Bone formation during forelimb regeneration: A microtomography (microCT) analysis
Article first published online: 9 JAN 2003
Copyright © 2003 Wiley-Liss, Inc.
Special Issue: Regeneration Special Issue
Volume 226, Issue 2, pages 410–417, February 2003
How to Cite
Stock, S. R., Blackburn, D., Gradassi, M. and Simon, H.-G. (2003), Bone formation during forelimb regeneration: A microtomography (microCT) analysis. Dev. Dyn., 226: 410–417. doi: 10.1002/dvdy.10241
- Issue published online: 28 JAN 2003
- Article first published online: 9 JAN 2003
- Manuscript Accepted: 1 NOV 2002
- Manuscript Received: 28 JUN 2002
- limb regeneration;
- bone formation;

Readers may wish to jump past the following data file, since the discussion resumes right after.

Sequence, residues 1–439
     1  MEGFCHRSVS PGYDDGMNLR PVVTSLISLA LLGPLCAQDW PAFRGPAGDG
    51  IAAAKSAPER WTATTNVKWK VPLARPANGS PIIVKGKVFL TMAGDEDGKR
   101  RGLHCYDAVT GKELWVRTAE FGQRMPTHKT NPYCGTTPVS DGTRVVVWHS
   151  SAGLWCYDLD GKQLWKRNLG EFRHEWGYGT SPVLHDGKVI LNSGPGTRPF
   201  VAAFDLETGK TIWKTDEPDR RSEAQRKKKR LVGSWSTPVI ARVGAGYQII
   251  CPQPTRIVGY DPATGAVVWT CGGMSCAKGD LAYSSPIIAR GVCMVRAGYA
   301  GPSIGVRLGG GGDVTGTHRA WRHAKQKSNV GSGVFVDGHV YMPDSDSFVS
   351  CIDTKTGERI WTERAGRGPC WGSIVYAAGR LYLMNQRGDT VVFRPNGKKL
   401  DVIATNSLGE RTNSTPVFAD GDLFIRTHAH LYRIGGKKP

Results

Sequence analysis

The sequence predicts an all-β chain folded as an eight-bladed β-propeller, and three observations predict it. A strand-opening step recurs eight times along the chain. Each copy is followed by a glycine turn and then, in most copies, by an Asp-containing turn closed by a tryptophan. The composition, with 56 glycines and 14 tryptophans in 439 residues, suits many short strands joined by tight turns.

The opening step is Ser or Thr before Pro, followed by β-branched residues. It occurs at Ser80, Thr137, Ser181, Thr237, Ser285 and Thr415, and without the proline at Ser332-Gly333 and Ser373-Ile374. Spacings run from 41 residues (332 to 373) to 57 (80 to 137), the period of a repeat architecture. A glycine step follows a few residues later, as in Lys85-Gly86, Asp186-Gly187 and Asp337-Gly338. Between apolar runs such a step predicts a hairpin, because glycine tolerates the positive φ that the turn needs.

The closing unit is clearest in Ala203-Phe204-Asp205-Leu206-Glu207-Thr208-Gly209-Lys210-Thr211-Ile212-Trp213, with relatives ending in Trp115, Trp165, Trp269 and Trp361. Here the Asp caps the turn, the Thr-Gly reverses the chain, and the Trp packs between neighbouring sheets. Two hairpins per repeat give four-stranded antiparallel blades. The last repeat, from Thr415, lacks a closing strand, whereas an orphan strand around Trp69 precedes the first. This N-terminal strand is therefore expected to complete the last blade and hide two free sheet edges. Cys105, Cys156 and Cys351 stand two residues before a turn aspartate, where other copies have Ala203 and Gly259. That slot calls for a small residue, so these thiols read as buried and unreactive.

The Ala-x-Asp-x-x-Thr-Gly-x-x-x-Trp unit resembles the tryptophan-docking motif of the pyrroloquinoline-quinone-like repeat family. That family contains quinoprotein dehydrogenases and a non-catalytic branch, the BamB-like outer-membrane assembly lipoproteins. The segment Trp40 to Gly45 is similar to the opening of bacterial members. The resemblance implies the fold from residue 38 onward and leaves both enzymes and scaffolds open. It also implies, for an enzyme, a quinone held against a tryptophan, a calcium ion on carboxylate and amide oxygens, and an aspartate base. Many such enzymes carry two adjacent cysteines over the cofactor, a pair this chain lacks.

In our study of bone regeneration in the forelimbs of mature newts (Notophthalmus viridescens), we used noninvasive X-ray microtomography (microCT) to image regenerating limbs from 37 to 85 days and matching (contralateral) controls. We compared the patterns of regenerated and existing (nonregenerated) bone, investigating in particular the onset of mineralization of specific bones, the level of mineral present, and the lengths of the different bones. Overall, we find that the missing limb skeletal elements are restored in a proximal-to-distal direction, which reiterates the developmental patterning program. However, in contrast to this proximal–distal sequence, the portion of the humerus distal to the amputation site fails to ossify in synchrony with the regenerating radius and ulna. This finding suggests that the replacement of cartilage with mineralized bone close to the amputation site is delayed with respect to other regenerating skeletal elements. Developmental Dynamics 226:410–417, 2003. © 2003 Wiley-Liss, Inc.